Antimicrobial Resistance among Leprosy Patients in Brazil: Real-World Data Based on the National Surveillance Plan.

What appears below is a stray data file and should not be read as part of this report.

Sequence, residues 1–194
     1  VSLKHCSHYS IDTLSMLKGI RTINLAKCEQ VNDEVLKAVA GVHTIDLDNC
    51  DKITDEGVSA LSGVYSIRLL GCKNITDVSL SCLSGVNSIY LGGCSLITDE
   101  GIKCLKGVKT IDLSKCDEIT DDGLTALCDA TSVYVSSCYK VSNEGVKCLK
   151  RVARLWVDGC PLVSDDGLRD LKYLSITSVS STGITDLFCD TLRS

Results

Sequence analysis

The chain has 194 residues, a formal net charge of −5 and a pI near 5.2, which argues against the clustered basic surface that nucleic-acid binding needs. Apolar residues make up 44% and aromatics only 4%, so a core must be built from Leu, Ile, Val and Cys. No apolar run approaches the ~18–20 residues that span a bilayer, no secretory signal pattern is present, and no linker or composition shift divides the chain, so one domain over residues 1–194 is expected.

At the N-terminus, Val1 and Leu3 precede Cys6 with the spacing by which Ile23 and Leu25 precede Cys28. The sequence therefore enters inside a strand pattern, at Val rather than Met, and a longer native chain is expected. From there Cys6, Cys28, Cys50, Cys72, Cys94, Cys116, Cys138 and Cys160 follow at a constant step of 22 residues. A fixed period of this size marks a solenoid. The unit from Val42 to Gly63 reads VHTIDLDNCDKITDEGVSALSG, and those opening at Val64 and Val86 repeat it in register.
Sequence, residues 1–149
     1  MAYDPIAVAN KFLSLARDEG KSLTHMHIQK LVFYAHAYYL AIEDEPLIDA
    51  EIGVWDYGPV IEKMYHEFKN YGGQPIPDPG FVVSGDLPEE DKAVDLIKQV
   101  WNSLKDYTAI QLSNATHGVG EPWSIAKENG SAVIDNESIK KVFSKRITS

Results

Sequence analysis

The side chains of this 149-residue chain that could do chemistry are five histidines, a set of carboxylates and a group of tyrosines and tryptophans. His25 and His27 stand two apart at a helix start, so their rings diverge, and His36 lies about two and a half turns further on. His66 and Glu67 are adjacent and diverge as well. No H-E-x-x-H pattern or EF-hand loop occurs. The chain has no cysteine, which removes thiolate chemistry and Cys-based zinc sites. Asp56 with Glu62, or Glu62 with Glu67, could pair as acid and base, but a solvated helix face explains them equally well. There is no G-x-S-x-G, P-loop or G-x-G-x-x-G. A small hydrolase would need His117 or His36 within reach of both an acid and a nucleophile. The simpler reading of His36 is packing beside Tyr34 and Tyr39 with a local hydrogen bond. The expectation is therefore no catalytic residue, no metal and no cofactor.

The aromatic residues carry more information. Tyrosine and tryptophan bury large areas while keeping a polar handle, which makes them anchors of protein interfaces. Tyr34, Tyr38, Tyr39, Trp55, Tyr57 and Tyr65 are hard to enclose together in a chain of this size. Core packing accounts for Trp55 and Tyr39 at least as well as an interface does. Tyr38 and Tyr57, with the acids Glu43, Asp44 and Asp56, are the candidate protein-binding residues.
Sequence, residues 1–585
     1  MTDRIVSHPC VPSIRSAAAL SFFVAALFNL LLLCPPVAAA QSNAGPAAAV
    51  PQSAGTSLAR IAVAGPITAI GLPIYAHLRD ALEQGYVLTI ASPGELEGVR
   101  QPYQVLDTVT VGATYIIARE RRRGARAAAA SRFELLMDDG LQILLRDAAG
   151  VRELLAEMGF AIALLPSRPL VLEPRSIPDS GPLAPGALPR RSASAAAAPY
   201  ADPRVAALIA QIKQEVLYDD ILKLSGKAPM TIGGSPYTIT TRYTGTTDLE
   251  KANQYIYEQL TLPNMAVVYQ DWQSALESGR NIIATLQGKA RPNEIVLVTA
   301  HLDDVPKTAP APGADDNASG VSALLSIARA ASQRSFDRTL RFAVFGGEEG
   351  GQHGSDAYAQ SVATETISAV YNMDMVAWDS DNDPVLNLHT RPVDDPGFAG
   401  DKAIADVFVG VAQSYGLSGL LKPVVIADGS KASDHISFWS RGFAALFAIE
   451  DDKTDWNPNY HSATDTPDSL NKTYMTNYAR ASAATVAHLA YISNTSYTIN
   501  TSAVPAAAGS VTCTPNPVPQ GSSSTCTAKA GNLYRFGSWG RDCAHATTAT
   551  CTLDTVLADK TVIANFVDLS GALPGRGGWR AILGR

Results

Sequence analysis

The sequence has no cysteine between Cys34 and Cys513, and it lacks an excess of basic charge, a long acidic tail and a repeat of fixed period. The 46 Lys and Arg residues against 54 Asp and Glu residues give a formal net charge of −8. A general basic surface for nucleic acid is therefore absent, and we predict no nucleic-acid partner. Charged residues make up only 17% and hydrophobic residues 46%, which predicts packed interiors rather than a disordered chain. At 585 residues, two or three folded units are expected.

Brazil ranks second among countries for new cases and first for relapse cases of leprosy worldwide. The Mycobacterium leprae Resistance Surveillance Plan was established. We aimed to present the results of a 2-year follow-up of the National Surveillance Plan in Brazil. A cross-sectional study of leprosy cases was performed to investigate antimicrobial resistance (AMR) in Brazil from October 2018 to September 2020. Molecular screening targeting genes related to dapsone (), rifampin (), and ofloxacin resistance () was performed. During the referral period, 63,520 active leprosy patients were registered in Brazil, and 1,183 fulfilled the inclusion criteria for molecular AMR investigation. In total, only 16 (1.4%) patients had genetic polymorphisms associated with AMR. Of these, 8 (50%) had cases of leprosy relapse, 7 (43.8%) had cases of suspected therapeutic failure with standard treatment, and 1 (6.2%) was a case of new leprosy presentation. M. leprae strains with AMR-associated mutations were found for all three genes screened. Isolates from two patients showed simultaneous resistance to dapsone and rifampin, indicating multidrug resistance (MDR). No significant relationship between clinical variables and the presence of AMR was identified. Our study revealed a low frequency of AMR in Brazil. Isolates were resistant mainly to dapsone, and a very low number of isolates were resistant to rifampin, the main bactericidal agent for leprosy, or presented MDR, reinforcing the importance of the standard World Health Organization multidrug therapy. The greater frequency of AMR among relapsed patients supports the need to constantly monitor this group.